Methylation of chromatin and noncoding RNA featured in Cold Spring Harbor Protocols

October 01, 2010

COLD SPRING HARBOR, N.Y. (Fri., Oct. 1, 2010) -- Post-translational modifications of histones play an important role in regulating chromatin dynamics and function. One such modification, methylation, is involved in the regulation of the epigenetic program of a cell, determining chromatin structure, and regulating transcription. Methylation of histones occurs on both lysine and arginine residues, and until recently, was thought to be an irreversible process. The recent discovery of histone demethylases revealed that histone methylation is more dynamic than previously recognized. The October issue of Cold Spring Harbor Protocols features a set of methods from Keiichi Nakayama and colleagues from Kyushu University for investigating demethylase activity. The protocol, "In Vitro Histone Demethylase Assay," describes two different in vitro histone demethylase enzyme reactions and three different methods for measuring histone demethylase activity. These methods can be applied to measuring histone demethylase activity in tissues and cell lysates, identification of novel histone demethylases, and screening for inhibitors of histone demethylases. This featured article is freely available on the journal's website.

While post-transcriptional modifications are a characteristic feature of noncoding RNAs, the biological function of these modifications is unknown. Cytosine-5 methylation has been detected in abundant RNA molecules including ribosomal RNAs and transfer RNAs, but the methylation status of cytosines in other noncoding RNAs is not known. To further investigate these modifications, Matthias Schaefer and colleagues from the German Cancer Research Center have developed a protocol for "Detection of Cytosine Methylation in RNA Using Bisulfite Sequencing." The method, featured in the October issue of Cold Spring Harbor Protocols, uses a bisulfite treatment of RNA to chemically deaminate nonmethylated cytosines to uracil, leaving methylated cytosines unaffected. Subsequent cDNA synthesis and PCR amplification offers researchers material for high-throughput sequencing analysis of the methylation patterns in any RNA molecule, including noncoding RNAs and low-abundance RNAs. This featured article is freely available on the journal's website.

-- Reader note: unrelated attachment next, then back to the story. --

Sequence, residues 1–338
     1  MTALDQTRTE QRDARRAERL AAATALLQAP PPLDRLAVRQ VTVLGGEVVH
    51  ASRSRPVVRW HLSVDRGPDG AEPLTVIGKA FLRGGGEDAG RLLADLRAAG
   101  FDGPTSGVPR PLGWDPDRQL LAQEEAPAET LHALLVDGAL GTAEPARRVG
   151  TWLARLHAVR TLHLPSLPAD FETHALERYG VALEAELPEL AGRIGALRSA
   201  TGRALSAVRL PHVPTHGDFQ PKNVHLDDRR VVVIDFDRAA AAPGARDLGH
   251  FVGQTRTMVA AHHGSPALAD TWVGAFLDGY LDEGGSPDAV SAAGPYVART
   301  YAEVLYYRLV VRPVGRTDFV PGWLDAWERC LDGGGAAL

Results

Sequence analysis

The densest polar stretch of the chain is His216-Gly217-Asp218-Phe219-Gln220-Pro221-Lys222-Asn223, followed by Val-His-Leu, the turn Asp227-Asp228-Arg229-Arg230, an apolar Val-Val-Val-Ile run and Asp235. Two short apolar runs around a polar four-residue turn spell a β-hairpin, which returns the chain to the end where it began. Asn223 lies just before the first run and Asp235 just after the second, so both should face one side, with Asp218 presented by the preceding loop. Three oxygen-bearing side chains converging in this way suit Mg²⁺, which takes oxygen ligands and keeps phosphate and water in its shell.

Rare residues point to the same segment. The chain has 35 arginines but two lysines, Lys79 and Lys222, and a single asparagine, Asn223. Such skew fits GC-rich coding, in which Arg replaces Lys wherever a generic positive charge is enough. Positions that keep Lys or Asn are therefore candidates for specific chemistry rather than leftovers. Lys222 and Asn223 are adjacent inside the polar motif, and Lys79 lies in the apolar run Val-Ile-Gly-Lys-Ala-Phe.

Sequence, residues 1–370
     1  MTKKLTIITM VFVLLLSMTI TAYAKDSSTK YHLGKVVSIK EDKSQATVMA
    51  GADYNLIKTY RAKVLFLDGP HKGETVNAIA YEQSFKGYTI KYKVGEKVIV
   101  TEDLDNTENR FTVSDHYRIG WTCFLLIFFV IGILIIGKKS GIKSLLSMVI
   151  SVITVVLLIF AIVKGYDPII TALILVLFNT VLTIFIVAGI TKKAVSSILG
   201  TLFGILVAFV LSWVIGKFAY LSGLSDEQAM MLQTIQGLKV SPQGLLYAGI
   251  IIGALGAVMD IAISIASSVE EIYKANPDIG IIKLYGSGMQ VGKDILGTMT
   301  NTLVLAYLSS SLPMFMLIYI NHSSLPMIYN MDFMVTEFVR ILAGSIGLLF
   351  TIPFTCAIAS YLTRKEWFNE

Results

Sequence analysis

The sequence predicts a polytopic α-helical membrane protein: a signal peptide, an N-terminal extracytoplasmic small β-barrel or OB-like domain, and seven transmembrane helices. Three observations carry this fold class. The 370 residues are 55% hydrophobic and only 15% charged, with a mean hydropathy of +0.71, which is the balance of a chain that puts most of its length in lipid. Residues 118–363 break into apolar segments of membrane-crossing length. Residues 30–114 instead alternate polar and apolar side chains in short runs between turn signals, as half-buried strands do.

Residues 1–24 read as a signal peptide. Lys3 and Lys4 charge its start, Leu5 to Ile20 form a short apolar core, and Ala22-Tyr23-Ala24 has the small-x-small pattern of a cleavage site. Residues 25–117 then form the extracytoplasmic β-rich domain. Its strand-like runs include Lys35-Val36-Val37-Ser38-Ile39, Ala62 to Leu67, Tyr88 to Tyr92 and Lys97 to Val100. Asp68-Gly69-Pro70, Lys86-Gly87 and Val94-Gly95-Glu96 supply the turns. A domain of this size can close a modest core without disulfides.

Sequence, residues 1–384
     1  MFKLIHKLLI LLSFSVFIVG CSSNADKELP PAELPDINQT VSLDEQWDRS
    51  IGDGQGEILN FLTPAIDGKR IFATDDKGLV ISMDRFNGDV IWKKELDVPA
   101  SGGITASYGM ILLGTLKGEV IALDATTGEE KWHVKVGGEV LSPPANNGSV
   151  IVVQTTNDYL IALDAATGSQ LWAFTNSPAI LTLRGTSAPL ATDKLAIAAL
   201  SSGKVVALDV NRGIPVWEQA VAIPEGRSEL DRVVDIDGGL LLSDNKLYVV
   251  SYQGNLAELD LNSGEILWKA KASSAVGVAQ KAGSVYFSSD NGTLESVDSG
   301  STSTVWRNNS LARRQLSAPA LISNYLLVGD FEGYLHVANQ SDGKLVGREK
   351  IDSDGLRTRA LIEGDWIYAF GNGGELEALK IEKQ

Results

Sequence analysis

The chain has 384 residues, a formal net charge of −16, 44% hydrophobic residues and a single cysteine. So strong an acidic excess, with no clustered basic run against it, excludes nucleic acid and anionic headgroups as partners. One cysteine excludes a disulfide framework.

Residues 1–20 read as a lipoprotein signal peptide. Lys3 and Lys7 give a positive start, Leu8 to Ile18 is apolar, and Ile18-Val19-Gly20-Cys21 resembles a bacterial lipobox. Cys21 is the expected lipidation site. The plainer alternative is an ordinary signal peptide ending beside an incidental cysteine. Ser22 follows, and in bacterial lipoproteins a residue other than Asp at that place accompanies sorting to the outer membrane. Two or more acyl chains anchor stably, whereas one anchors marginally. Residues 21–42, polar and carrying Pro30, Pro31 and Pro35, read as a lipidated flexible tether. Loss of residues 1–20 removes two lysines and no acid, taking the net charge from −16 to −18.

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About Cold Spring Harbor Protocols:Cold Spring Harbor Protocols (www.cshprotocols.org) is a monthly peer-reviewed journal of methods used in a wide range of biology laboratories. It is structured to be highly interactive, with each protocol cross-linked to related methods, descriptive information panels, and illustrative material to maximize the total information available to investigators. Each protocol is clearly presented and designed for easy use at the bench--complete with reagents, equipment, and recipe lists. Life science researchers can access the entire collection via institutional site licenses, and can add their suggestions and comments to further refine the techniques.

About Cold Spring Harbor Laboratory Press: Cold Spring Harbor Laboratory Press is an internationally renowned publisher of books, journals, and electronic media, located on Long Island, New York. Since 1933, it has furthered the advance and spread of scientific knowledge in all areas of genetics and molecular biology, including cancer biology, plant science, bioinformatics, and neurobiology. It is a division of Cold Spring Harbor Laboratory, an innovator in life science research and the education of scientists, students, and the public. For more information, visit www.cshlpress.com.

Cold Spring Harbor Laboratory

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